In 2013 David helped establish the Arthur C. Clarke Center for Human Imagination at the University of California San Diego. He’s been awarded numerous honors, including the American Library Association’s Freedom of Speech Award for his nonfiction book The Transparent Society: Will technology forces to choose between freedom and privacy?, which deals with secrecy in the modern world. David appears frequently on television, including most recently on many episodes of The Universe and on the History Channel’s most-watched show ever, Life After People. His scientific work covers an eclectic range of topics from astronautics, astronomy, and optics to alternative dispute resolution and the role of neoteny in human evolution. He holds a Ph.D. in physics from the University of California at San Diego, which followed a Master’s in optics and an undergraduate degree in astrophysics from Caltech. He was a postdoctoral fellow at the California Space Institute and the Jet Propulsion Laboratory. He has a number of patents that directly confront some of the faults of old=fashioned screen=based interaction, aiming to improve the way human beings converse online. He lives in San Diego County with his wife, three children, and one hundred very demanding trees.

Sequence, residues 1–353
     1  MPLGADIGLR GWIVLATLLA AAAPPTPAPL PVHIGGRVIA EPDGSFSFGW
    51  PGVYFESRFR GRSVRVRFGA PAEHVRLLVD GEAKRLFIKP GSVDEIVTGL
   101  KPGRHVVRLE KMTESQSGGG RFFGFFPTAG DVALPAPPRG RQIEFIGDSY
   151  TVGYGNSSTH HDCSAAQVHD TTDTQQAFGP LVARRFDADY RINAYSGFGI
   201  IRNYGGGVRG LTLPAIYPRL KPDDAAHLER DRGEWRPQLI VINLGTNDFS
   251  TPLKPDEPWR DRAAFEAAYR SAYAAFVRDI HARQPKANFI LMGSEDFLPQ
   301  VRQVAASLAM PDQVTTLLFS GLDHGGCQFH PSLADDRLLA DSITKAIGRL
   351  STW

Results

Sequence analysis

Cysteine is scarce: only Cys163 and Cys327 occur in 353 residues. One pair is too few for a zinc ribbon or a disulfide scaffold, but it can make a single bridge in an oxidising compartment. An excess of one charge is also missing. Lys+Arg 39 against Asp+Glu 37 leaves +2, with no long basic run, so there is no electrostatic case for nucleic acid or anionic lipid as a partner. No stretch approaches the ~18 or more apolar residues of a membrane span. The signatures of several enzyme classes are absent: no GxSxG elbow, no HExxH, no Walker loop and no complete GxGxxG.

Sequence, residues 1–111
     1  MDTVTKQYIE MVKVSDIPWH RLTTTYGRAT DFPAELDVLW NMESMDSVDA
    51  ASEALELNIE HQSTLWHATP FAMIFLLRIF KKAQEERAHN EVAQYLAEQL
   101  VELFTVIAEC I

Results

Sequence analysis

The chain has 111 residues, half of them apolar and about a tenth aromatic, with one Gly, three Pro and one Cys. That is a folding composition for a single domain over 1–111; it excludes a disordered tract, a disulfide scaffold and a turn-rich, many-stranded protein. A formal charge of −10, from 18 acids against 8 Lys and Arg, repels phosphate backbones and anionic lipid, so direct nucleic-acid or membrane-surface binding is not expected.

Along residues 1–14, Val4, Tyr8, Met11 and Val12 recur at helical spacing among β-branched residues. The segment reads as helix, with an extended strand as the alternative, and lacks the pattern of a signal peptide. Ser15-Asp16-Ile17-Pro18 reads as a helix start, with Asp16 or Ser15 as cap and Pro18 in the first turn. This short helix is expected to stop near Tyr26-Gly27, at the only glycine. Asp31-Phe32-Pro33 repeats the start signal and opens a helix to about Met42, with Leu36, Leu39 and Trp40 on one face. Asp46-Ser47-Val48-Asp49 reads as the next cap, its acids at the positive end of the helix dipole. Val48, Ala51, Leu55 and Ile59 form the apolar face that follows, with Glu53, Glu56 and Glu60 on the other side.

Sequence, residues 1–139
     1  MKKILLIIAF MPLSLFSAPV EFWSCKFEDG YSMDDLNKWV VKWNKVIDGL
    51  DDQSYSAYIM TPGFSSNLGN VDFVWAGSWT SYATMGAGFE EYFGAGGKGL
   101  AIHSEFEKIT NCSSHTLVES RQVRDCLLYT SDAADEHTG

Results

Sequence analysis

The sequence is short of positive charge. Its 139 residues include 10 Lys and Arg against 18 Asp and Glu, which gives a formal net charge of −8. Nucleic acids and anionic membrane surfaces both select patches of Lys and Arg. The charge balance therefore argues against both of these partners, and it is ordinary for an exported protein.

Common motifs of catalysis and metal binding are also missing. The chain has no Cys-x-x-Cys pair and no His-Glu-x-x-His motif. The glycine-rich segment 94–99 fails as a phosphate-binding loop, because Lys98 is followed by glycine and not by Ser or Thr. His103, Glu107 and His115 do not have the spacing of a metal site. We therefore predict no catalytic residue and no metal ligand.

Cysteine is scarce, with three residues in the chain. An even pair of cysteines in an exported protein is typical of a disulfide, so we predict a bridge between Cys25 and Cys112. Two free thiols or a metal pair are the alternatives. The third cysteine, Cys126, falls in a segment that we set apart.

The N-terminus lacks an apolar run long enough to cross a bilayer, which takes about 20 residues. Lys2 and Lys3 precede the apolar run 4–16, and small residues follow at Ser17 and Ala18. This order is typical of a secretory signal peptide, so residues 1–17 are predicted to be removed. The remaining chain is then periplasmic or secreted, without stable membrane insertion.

The Lightly Edited Transcript
Now, the first thing I have to ask you is, what makes trees demanding?
Oh, well, it’s Southern California, you know. It’s not an area where trees of substance would normally grow. As you drive north from San Diego to L.A. you pass through Camp Pendleton, the great big Marine base, and you see what Southern California was like back for the Native Americans and the early Spanish, and it’s not a lot of oak trees and not a lot of anything else but it had its own ecosystem, and we have to try to respect nature.